For most of my adult life, I taught English to college students. I never lectured, but always engaged in lively discussions around the readings I had assigned for the day. To prepare for each day’s classes, I reread the readings, sometimes for the twentieth time, and thought about what they stirred in me that day. That allowed me to be prepared to kick off the class. After that, my students carried the rest of the time, interacting with the texts and with each other. This meant that I spent a lot of time in between classes contemplating the texts, their points of view, the questions they raised, the connections I might make to life today, and how they might or might not connect with my students.

After I retired, I lost this opportunity to think through something and then present it to others. While I continued to have deep conversations with family and friends, something was missing. This morning I realized that for me writing a blog has served a very similar function for organizing my thoughts. Knowing that most days I will be writing a couple of paragraphs about whatever is happening or is on my mind mandates that I center my musings. Without this focused outlet of writing, my brain might easily go from one tangent to another without landing on any one.

I appreciate every one who reads me whether daily or now and then. You have given me a place for my thoughts to land and an opportunity to hear back from you in comments. It has restored me to the organized inner life formerly provided to me in academia. Thanks.

“Unwelcome Home”

yellow jacket

When I began to do the laundry accumulated on our vacation, I swatted something away from my arm. Then I felt an intense pain, as if I had received an injection. Confused, I went upstairs to try to figure out what had just bitten me. My husband went down to the laundry room and couldn’t find anything. Convinced(with nothing to support my conviction)that I had been bitten by a spider(even though I had never felt a spider like that) I returned to do the wash. Immediately I felt that same sharp stab on my bare foot. I looked down and saw a yellow jacket stuck between my toes, having a wonderful time injecting his poison nonstop into my foot.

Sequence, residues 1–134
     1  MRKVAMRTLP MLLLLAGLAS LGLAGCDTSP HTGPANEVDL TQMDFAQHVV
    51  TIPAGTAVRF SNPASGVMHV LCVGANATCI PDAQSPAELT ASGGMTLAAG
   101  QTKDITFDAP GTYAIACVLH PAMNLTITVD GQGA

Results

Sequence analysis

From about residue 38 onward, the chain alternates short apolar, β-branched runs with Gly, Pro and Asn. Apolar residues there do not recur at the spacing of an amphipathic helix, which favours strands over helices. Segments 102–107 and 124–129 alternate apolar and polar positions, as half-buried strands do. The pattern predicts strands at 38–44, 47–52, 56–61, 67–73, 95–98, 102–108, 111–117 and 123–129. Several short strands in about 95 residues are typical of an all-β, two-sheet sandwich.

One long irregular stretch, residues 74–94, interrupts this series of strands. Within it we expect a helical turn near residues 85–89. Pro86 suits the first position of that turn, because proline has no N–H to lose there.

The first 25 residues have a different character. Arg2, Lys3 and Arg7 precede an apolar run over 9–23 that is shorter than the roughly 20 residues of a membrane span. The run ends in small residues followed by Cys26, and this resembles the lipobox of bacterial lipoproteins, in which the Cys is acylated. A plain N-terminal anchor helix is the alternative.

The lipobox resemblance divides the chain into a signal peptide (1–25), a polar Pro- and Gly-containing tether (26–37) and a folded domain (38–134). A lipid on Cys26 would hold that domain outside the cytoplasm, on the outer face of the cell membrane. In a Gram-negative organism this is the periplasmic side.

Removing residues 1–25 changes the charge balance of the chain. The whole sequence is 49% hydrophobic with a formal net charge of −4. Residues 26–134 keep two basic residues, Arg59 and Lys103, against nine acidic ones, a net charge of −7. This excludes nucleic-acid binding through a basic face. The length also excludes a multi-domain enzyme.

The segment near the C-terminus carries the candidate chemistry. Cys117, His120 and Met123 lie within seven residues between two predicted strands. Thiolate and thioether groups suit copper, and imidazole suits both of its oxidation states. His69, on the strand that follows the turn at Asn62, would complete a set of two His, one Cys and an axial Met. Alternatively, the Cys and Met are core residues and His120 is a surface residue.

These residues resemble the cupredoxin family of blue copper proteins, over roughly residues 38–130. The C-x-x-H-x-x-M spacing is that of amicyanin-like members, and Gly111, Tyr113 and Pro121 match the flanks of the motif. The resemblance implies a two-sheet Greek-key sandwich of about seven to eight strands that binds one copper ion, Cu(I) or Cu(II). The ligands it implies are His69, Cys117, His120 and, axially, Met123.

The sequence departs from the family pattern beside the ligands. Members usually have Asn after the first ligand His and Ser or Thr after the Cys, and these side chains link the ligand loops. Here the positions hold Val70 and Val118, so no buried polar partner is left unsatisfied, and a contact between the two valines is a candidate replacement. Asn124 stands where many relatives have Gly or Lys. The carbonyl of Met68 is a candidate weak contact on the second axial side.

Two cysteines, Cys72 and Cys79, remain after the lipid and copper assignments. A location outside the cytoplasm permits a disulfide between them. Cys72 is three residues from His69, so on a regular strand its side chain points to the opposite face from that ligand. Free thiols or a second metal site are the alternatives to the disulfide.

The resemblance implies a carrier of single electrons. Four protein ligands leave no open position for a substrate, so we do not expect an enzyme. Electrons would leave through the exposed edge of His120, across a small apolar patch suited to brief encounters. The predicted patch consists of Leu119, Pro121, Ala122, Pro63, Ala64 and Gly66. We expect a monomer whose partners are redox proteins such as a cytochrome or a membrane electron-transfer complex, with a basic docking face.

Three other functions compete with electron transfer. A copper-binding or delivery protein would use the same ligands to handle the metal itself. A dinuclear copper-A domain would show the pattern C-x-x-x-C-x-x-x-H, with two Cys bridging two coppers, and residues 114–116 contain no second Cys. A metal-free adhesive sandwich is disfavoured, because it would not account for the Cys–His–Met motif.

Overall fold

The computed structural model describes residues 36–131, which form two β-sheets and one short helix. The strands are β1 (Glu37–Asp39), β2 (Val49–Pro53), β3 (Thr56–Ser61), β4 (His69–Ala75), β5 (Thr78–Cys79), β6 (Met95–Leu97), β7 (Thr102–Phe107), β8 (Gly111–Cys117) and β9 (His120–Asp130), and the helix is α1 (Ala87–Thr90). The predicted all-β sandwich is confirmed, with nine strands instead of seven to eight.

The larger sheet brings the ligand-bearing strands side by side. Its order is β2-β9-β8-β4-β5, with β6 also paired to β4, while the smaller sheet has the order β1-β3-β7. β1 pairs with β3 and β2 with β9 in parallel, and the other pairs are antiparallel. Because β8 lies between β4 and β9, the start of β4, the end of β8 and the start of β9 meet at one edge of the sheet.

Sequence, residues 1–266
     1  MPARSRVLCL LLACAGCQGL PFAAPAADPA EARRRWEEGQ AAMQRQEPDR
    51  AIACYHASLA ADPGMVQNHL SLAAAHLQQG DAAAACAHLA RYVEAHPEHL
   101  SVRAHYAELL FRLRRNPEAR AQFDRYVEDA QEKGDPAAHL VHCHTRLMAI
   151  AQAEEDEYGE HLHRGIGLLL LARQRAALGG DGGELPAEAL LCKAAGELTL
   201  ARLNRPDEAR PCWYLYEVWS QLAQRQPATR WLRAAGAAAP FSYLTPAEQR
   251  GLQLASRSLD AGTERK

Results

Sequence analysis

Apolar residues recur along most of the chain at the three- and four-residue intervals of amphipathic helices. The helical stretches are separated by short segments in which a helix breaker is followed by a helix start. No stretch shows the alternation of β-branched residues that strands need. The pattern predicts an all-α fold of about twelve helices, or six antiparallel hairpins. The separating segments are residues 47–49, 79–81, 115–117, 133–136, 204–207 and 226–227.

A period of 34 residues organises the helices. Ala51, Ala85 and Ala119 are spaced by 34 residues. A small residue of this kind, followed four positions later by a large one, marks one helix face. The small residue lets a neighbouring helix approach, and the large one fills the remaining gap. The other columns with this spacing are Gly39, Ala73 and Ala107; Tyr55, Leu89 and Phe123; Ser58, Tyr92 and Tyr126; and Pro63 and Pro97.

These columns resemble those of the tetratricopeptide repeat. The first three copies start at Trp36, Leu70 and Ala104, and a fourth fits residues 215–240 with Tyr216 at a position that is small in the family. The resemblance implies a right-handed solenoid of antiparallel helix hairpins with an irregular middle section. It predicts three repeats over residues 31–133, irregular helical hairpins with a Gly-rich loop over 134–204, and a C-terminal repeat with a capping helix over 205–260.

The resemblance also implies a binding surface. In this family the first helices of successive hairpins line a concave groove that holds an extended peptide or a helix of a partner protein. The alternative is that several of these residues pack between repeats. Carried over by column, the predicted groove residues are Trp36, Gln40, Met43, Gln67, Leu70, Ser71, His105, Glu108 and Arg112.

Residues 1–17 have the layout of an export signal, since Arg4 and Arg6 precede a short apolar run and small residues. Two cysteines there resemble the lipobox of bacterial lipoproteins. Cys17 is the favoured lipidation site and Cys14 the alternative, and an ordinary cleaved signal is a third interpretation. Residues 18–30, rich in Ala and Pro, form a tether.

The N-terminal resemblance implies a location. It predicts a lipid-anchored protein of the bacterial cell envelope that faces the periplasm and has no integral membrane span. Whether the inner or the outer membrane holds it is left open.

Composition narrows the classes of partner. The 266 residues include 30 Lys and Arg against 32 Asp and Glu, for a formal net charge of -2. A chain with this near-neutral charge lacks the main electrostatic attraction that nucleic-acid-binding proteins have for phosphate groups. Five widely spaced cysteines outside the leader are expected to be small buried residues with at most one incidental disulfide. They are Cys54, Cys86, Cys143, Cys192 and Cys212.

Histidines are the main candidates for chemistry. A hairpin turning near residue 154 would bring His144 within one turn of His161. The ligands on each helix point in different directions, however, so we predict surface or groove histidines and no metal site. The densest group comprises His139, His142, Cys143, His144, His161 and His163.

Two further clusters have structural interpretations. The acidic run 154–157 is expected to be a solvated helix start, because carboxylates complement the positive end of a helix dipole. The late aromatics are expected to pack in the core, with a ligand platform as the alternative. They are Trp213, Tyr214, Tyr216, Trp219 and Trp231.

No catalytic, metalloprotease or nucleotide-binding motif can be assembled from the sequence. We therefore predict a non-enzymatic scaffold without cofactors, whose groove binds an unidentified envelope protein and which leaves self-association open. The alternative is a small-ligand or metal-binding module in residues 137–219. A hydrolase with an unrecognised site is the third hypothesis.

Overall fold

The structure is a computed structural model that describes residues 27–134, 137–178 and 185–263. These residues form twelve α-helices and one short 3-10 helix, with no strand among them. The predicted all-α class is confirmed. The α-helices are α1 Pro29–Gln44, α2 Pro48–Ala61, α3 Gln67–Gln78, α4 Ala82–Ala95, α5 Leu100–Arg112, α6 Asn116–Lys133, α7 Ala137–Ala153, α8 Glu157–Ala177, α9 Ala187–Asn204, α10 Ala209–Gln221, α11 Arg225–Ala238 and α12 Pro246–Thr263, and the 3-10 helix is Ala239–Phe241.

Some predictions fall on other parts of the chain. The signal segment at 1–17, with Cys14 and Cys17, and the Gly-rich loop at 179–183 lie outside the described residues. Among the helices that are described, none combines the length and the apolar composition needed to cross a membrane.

At least we now knew what had bitten me! But despite constant ice packs my foot screamed in pain for the rest of the evening and interrupted my sleep. Then it began the kind of itching for which you are at first grateful(it must be healing!) and then being driven insane wishing for the pain to return.

We had never had any yellow jackets in the house, so my resident sleuth(aka my husband) went on a fact finding mission. He discovered a break in the vent pipe to the bathroom exhaust fan and sealed it up. Apparently the yellow jacket(and his pals I later discovered) had been happily flying in and out of our house while we were in Maine. We have evicted our squatters and I now wear shoes when I do the laundry–just in case.

“Watch the Waves”


At low tide you can walk out this spit to an small island in Bar Harbor’s harbor. It is a popular trail, with nice views looking back to the mainland. Our last evening in Maine we strolled out to enjoy the weather, the sand, the birds and the views. But I was amused by a new sign installed since our last visit. This one warned visitors that they needed to pay attention to the tides. Once stranded by the incoming tide, the sign warned, you would need to wait nine hours to be able to walk back.

Apparently a modern entrepreneur, aware that some people would ignore the sign and demand to be picked up, has come to the rescue. While the harbor patrol is content to let the unwary wait out the tide cycle, one company will come if you call. And since so many now have cell phones, a stranded walker could indeed call. The fee for this “rescue” is $150.00.

Growing up on the Oregon Coast, I was well aware of places that could only be reached at low tide and I paid close attention to the tide table each day I went exploring. I knew that if I were to be stranded I would need to wait for the next low tide to get back. The idea of waiting for hours to return was sufficient incentive to stay aware. Even getting stuck on Haystack Rock, a prominent landmark, meant waiting. Now the Coast Guard will actually fly in and help stranded hikers. Something has changed, I guess, in the idea of “natural consequences” and tides. I am not sure it is for the better.

“Soulful Sea Sounds”


Yesterday we went to a less visited part of the National Park on the Schoodic Peninsula north of Bar Harbor. Schoodic Point itself juts out into the open Atlantic rather than into the more protected Sound or Bay. There are no warning signs and one can walk out onto the huge granite outcroppings which abut the ocean.

I grew up near the Pacific Ocean, and being near the water always soothes me. The sounds of the sea provide me solace. Yesterday while my intrepid husband walked on rocks, I lay down on one large one. With my eyes closed I could feel the sun and listen to the sound of the waves breaking on the rocks.  Once again the sounds had touched my core and reminded me that, as Dame Julian of Norwich wrote, “all shall be well, all shall be well, and all manner of thing shall be well.”